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Anesthesiology Research and Practice
Volume 2019, Article ID 6842092, 5 pages
https://doi.org/10.1155/2019/6842092
Research Article

Audit on Current Practice of Rapid Sequence Induction and Intubation of Anesthesia in the University of Gondar Hospital, Northwest Ethiopia, 2018

University of Gondar, Gondar, Ethiopia

Correspondence should be addressed to Mamaru Mollalign; moc.liamg@0991ngilallom.uramam

Received 7 April 2019; Revised 26 July 2019; Accepted 26 August 2019; Published 22 September 2019

Academic Editor: Michael Frass

Copyright © 2019 Mamaru Mollalign et al. This is an open access article distributed under the Creative Commons Attribution License, which permits unrestricted use, distribution, and reproduction in any medium, provided the original work is properly cited.

Abstract

Background. In patients who are liable to the risk of pulmonary aspiration, airway control is the primary and first concern for the anesthetists both in emergency and elective surgical procedures. Rapid sequence induction is universally required in any occasion of emergent endotracheal intubation needed for unfasted patients or patients’ fasting status is unknown. Methods. institutional-based prospective observational study was conducted from December 2017 to January 2018 in all elective and emergency adult or pediatric patients with a risk of pulmonary aspiration who were operated under general anesthesia with rapid sequence induction and intubation during the audit period. Result. A total of 35 patients were operated during the study period. Of these, 31 (88.57%) patients were adults and 4 (11.43%) patients were pediatrics. Most of the patients were emergency (29 (82.857%)), and the rest were elective (6 (17.142%)). Conclusion. Most anesthetists were good at preparing all available monitoring and drugs, making sure that IV line is well-functioning, preparing suction with a suction machine, preoxygenation, application of cricoid pressure, and checking the position of the ETT after intubation was performed. Preparing difficult airway equipment during planning of rapid sequence induction and intubation, giving roles and told to proceed their assigned role for the team, attempt to ventilate with a small tidal volume, and routine use of bougie or stylet to increase the chance of success of intubation needed improvement.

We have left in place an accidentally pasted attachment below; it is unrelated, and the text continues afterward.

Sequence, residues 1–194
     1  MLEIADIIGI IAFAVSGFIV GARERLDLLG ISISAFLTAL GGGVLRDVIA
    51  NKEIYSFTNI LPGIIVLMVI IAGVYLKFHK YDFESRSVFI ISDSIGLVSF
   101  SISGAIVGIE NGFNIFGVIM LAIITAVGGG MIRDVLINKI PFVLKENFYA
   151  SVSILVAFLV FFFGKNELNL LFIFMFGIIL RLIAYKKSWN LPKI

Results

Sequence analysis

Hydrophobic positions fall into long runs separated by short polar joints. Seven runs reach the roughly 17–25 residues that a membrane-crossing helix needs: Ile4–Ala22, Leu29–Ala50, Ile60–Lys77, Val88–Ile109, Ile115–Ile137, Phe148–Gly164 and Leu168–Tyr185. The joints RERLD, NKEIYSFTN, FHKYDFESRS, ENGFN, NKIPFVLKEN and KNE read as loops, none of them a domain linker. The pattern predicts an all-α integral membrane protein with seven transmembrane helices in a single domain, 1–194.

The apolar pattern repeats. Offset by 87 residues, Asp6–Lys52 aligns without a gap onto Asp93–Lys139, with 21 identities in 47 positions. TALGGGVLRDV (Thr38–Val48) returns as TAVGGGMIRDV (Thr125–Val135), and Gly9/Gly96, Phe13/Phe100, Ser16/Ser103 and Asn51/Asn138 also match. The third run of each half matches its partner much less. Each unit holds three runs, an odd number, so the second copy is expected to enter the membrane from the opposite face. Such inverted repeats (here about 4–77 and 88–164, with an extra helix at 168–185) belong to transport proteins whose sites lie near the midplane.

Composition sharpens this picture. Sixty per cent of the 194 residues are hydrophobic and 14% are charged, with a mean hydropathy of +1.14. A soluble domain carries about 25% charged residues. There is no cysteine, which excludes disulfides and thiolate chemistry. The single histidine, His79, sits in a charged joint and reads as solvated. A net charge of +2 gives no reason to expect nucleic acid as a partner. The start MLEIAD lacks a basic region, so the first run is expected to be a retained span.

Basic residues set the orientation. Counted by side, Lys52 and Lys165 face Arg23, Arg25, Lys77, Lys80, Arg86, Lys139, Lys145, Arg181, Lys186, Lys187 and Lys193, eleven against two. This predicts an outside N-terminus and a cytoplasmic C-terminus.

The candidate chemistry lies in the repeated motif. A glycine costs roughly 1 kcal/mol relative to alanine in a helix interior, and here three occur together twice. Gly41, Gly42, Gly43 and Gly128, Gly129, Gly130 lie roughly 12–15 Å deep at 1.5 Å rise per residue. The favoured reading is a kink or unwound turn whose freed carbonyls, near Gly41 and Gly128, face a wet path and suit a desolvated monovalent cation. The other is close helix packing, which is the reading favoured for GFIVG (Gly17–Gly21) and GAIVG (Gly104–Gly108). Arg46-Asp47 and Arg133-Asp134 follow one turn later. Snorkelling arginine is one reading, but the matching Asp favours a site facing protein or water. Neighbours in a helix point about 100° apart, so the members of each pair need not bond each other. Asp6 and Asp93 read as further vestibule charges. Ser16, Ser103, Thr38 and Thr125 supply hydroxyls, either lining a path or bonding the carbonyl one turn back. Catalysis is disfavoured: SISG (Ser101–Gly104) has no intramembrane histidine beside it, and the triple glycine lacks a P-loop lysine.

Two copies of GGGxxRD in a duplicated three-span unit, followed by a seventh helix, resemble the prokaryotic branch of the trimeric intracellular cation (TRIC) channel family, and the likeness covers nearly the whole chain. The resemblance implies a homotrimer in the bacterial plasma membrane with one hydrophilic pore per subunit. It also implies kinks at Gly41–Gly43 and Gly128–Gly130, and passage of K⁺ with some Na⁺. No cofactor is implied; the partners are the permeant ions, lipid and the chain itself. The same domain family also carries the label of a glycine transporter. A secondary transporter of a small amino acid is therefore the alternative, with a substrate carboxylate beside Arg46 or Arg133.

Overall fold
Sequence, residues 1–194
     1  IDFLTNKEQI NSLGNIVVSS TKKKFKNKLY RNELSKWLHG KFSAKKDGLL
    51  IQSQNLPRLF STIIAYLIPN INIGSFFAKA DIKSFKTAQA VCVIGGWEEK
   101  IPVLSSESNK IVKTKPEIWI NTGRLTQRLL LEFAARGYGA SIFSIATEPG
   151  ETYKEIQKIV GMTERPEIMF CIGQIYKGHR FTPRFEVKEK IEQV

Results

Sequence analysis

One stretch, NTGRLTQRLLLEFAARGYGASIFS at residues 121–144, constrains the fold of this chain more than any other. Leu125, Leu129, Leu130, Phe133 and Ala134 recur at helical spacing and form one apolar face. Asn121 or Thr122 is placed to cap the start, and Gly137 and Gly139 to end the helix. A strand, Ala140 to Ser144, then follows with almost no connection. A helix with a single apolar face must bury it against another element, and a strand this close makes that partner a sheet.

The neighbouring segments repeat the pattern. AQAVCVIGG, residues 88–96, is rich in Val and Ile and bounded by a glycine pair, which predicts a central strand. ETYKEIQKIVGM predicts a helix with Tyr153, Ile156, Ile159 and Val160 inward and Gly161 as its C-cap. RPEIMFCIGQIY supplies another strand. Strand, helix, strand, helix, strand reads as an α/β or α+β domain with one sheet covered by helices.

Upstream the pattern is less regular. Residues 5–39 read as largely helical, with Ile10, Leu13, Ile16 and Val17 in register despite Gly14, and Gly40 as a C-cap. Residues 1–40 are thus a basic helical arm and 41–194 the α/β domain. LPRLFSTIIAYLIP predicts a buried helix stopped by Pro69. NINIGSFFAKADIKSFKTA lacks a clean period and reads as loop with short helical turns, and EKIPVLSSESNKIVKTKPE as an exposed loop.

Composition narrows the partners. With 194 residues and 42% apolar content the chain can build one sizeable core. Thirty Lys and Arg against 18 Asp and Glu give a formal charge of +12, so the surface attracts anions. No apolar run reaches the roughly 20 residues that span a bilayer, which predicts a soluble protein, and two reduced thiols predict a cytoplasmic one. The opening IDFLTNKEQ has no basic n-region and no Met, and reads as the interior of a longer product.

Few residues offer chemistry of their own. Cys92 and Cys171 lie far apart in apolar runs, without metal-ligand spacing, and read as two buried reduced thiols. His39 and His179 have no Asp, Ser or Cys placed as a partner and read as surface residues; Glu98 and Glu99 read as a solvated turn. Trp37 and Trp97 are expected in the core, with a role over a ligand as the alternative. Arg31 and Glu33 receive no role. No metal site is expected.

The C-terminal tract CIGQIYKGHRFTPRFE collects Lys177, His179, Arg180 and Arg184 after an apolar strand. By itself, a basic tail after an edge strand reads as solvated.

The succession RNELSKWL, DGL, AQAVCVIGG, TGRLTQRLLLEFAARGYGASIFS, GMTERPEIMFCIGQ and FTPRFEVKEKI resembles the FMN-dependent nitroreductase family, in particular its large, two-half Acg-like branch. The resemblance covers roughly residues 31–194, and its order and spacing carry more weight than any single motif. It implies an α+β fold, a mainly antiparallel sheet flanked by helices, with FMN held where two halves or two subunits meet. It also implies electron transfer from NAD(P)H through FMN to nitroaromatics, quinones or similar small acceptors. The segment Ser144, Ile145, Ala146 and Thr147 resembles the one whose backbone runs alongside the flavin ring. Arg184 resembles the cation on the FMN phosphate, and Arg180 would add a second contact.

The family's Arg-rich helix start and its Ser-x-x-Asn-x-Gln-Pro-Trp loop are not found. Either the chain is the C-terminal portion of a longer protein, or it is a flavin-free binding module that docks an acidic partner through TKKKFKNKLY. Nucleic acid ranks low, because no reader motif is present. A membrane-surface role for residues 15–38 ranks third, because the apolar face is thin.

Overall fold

1. Introduction

In patients who are liable to the risk of pulmonary aspiration, airway control is the primary and first concern for the anesthetists both in emergency and elective surgical procedures and in any occasion of need of airway protection [1].